In December 2019 researchers from the USA published their review on the effects of intermittent fasting. The suggestion that calorie restriction had a beneficial effect on aging and life span was first proposed in 1997. However, at the time it was not recognised that calorie restriction, with calories often being consumed within a few hours, produced a daily fasting period of up to 20 hours. Since then, studies involving controlled intermittent fasting have been undertaken which have shown metabolic switching, ie when the metabolism changes from liver-derived glucose to fatty cell–derived ketones which occurs either daily or on several days each week. After meals, glucose is used for energy, and fat is stored in adipose tissue as triglycerides. During periods of fasting, triglycerides are broken down to fatty acids and glycerol, which are used for energy. The liver converts fatty acids to ketone bodies, which provide a major source of energy for many tissues, especially the brain, during fasting. In the fed state, blood levels of ketone bodies are low, although they rise within 8 to 12 hours after the onset of fasting.
Alternate-day fasting, 5:2 intermittent fasting (fasting 2 days each week), and daily time-restricted feeding are the three most widely studied forms of intermittent fasting.
The practice of long-term fasting (from many days to weeks) was not covered in this review.
Studies have consistently shown that intermittent fasting can have an effect on a wide range of chronic disorders, including obesity, diabetes, cardiovascular disease, cancers, and neurodegenerative brain diseases. More specifically it can improve glucose regulation and insulin resistance, blood pressure and heart rate, abdominal fat loss, cholesterol levels and inflammation. It has also been seen that calorie restriction in overweight adults can lead to improvements in verbal and working memory, and cognition.
Intermittent fasting has been shown to improve many cardiometabolic risk factors in non-obese individuals. Intermittent fasting can also be as effective for weight loss as standard diets. In addition, intermittent fasting reduces markers of inflammation and oxidative stress that are associated with atherosclerosis. Improvements in cardiovascular health indicators typically become evident within 2 to 4 weeks after the start of alternate-day fasting and then disappear over a period of several weeks after resumption of a normal diet. However, the potential benefits of intermittent fasting in patients with myocardial infarction remain to be tested.
Similarly, intermittent fasting is thought to reduce energy metabolism in cancer cells, preventing their growth and leaving them susceptible to treatments. It is thought that intermittent fasting may provide protection against cancer while improving the stress resistance of normal cells. Several case studies involving patients with glioblastoma suggest that intermittent fasting can stop tumor growth and extend survival. However, no studies have yet determined whether intermittent fasting has any impact on cancer recurrence in humans.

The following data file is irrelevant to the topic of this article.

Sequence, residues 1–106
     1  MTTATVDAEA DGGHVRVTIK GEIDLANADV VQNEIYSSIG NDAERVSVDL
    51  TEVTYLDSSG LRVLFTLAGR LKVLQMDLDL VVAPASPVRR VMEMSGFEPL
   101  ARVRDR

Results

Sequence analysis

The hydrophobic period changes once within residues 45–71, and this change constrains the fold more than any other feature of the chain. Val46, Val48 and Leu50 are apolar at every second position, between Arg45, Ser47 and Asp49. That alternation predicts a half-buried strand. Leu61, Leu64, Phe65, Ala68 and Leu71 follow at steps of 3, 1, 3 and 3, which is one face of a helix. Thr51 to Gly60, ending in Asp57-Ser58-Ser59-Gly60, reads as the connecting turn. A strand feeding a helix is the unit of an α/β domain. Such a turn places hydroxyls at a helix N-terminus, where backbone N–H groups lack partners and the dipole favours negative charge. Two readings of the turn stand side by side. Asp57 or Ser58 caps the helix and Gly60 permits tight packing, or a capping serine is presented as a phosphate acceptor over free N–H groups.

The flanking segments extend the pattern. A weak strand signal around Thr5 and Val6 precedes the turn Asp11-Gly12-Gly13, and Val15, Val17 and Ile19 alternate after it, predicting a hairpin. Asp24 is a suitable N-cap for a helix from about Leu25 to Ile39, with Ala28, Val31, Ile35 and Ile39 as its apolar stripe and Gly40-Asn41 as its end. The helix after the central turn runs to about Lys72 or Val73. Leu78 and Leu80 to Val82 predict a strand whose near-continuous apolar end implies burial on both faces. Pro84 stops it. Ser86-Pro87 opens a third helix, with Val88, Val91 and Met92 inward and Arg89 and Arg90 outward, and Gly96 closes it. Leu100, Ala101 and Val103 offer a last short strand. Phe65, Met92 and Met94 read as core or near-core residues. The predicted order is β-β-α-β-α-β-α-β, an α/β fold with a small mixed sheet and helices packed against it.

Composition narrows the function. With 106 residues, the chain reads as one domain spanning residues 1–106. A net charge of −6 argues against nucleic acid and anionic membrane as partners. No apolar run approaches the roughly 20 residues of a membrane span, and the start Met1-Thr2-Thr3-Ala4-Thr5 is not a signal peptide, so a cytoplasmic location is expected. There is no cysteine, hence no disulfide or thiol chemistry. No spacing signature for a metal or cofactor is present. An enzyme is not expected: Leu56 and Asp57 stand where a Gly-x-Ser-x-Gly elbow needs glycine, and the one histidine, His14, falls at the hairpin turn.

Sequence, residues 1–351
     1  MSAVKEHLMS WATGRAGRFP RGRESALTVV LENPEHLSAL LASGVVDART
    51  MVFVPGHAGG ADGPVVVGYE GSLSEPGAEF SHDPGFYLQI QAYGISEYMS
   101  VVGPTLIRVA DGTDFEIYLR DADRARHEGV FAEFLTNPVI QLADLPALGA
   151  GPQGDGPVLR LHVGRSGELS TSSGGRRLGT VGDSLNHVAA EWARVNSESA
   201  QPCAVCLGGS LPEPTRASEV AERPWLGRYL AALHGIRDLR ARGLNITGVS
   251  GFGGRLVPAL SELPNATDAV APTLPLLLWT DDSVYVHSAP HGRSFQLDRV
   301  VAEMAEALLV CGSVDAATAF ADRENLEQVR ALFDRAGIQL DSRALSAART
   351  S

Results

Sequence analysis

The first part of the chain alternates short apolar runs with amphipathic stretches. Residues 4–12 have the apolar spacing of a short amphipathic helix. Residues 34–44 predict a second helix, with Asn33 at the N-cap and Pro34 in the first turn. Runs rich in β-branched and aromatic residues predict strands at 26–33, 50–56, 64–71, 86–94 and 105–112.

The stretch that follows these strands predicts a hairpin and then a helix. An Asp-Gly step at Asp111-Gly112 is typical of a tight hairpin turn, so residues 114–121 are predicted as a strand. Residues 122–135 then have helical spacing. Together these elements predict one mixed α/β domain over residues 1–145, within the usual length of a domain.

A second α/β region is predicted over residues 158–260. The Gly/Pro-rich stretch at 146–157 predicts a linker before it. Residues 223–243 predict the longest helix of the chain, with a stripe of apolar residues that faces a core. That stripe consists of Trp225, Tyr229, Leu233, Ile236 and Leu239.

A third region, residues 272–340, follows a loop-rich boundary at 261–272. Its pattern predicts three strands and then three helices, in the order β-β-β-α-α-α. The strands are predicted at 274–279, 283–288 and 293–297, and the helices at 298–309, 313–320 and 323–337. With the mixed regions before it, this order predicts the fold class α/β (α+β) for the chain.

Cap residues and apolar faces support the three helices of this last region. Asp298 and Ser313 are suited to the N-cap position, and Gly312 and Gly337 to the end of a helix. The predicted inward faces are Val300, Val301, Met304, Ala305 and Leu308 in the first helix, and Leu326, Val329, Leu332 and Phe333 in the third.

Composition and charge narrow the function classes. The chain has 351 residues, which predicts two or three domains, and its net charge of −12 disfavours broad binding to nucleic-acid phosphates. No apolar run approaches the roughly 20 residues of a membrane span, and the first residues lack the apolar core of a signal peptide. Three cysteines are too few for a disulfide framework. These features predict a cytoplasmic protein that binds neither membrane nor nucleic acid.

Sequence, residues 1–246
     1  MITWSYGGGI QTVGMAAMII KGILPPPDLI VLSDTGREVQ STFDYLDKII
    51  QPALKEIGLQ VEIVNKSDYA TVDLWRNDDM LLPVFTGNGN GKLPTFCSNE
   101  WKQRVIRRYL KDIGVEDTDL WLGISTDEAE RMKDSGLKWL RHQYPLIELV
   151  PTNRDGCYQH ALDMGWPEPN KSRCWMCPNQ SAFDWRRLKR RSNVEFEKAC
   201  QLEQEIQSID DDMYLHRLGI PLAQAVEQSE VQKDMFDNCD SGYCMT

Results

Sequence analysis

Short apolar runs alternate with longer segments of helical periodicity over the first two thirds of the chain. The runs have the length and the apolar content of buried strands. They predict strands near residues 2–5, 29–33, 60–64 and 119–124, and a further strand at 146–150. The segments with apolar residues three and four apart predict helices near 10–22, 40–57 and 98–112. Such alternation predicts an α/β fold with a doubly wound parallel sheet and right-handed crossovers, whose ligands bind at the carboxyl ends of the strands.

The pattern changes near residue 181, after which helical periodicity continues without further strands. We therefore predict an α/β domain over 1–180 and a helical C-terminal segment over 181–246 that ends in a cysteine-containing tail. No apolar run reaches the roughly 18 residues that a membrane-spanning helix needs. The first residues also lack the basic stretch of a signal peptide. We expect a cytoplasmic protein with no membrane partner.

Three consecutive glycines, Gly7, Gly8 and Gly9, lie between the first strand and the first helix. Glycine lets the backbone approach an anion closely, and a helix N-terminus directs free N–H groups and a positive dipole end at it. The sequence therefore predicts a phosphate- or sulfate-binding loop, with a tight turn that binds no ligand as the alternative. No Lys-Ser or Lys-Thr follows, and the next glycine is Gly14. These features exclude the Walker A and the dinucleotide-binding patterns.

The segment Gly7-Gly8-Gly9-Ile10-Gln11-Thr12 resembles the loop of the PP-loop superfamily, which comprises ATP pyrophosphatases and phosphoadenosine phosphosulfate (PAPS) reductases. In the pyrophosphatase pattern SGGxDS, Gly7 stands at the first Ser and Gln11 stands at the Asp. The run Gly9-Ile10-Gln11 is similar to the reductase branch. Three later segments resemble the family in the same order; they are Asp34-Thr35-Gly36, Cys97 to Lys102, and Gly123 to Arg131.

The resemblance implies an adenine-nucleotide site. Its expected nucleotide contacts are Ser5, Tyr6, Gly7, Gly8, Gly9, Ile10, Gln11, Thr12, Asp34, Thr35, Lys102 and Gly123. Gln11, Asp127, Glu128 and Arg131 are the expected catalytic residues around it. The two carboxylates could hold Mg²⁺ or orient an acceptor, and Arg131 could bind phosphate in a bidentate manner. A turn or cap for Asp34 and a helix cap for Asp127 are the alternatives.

Some studies have suggested that excessive energy intake, particularly in midlife, increases the risks of stroke, Alzheimer’s disease and Parkinson’s disease. However, information from studies on intermittent fasting in persons at risk or affected by a neurodegenerative disorder are lacking.
Weight loss is known to reduce the symptoms of asthma in obese patients. A reduction in symptoms has been shown to be associated with significant reductions in markers of inflammation and oxidative stress. Multiple sclerosis is an autoimmune disorder and two recent studies have shown that patients with multiple sclerosis who adhere to intermittent-fasting regimens have reduced symptoms in as short a period as 2 months. As it reduces inflammation, intermittent fasting would also be expected to be beneficial in rheumatoid arthritis, and indeed, there is evidence supporting its use in patients with arthritis.
Intermittent-fasting regimens reduce tissue damage and improve functional outcomes of traumatic and ischemic tissue injury. One study showed that 2 weeks of pre-operative daily energy restriction improved outcomes in patients undergoing gastric-bypass surgery. Such findings suggest that preoperative intermittent fasting can be a safe and effective method of improving surgical outcomes.
Physical fitness has also improved with intermittent fasting, eg young men who fasted daily for 16 hours lost fat while maintaining muscle mass during 2 months of resistance training.
Emerging evidence has also suggested that intermittent fasting may prove to be a practical approach for reducing the morbidity and mortality associated with traumatic brain and spinal cord injuries in athletes.
de Cabo R, Mattson MP. Effects of Intermittent Fasting on Health, Aging, and Disease. N Engl J Med. 2019 Dec 26;381(26):2541-2551.